The influence of habitat selection on Canada Goose Branta canadensis nest success on Akimiski Island, Nunavut, Canada

Stacey K. Gan, Kenneth F. Abraham, Rodney W. Brook, Dennis L. Murray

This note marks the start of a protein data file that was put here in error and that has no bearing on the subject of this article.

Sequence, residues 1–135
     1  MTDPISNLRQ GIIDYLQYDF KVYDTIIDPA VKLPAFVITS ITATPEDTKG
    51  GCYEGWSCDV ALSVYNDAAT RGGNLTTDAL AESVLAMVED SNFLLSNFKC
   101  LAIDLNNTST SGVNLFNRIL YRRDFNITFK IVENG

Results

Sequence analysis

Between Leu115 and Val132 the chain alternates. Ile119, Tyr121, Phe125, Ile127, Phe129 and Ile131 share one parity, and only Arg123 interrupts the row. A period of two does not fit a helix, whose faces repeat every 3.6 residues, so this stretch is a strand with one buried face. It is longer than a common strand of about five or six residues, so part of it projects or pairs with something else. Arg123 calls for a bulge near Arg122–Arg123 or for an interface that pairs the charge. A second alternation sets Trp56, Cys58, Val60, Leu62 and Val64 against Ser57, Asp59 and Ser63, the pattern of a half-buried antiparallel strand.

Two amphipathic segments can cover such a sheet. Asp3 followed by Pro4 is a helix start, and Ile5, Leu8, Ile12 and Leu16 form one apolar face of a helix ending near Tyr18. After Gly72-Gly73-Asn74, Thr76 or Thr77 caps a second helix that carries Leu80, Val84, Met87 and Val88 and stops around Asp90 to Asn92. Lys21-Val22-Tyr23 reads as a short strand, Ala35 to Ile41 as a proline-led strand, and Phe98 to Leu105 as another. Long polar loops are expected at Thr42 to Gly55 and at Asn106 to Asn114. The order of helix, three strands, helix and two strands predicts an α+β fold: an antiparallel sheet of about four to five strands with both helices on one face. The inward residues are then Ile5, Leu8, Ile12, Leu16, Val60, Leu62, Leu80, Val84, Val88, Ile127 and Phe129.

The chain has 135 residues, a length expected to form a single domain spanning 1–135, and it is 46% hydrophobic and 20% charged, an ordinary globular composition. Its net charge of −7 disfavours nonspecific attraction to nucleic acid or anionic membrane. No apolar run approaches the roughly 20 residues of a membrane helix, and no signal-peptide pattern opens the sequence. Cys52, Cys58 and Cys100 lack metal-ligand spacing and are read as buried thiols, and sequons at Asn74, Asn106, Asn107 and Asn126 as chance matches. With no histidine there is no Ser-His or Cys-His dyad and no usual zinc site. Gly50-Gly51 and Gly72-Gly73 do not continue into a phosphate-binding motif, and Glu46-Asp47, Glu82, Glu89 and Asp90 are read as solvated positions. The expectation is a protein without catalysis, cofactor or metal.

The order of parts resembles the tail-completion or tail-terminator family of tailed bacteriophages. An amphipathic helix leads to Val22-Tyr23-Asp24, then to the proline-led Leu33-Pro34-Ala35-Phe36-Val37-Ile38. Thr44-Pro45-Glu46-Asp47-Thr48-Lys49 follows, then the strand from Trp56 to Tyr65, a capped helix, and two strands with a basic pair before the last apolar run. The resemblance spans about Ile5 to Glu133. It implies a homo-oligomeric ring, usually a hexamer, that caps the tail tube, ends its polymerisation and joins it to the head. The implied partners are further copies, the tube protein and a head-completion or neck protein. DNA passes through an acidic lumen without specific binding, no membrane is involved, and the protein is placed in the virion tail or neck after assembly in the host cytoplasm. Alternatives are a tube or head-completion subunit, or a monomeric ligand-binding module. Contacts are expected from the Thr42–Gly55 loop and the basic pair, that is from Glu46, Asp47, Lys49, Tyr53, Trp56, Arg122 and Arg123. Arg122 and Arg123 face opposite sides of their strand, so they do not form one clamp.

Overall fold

Predation avoidance is likely the foremost factor driving nest site selection among ground-nesting birds. The consequences of nest site selection were investigated on nest success for Canada Geese Branta canadensis breeding on Akimiski Island, Nunavut, Canada in 2010. Habitat features were measured at the scale of a nesting territory, at the nest site (n = 241), and at random locations for both scales. Compared with paired random locations, nests were more likely to be in woody vegetation located closer to water at the territory scale and had less lateral vegetative cover but taller vegetation nearer to the nest site. Geese did not select nesting locations in vegetation that provided maximum cover, but rather located nests in areas providing both concealment from predators and visibility for the nesting female to enable early predator detection. Assessing the effect of habitat attributes on nest success did not yield unambiguous results, with the most parsimonious model showing an increasing probability of nest success with increasing nest age alone. Although nest site selection was not random, we suggest that increasing parental investment and declining predation risk (not likely mutually exclusive) through the breeding season had more influence on Canada Goose nest success on Akimiski Island than did choice of specific habitat features or spacing of nests.

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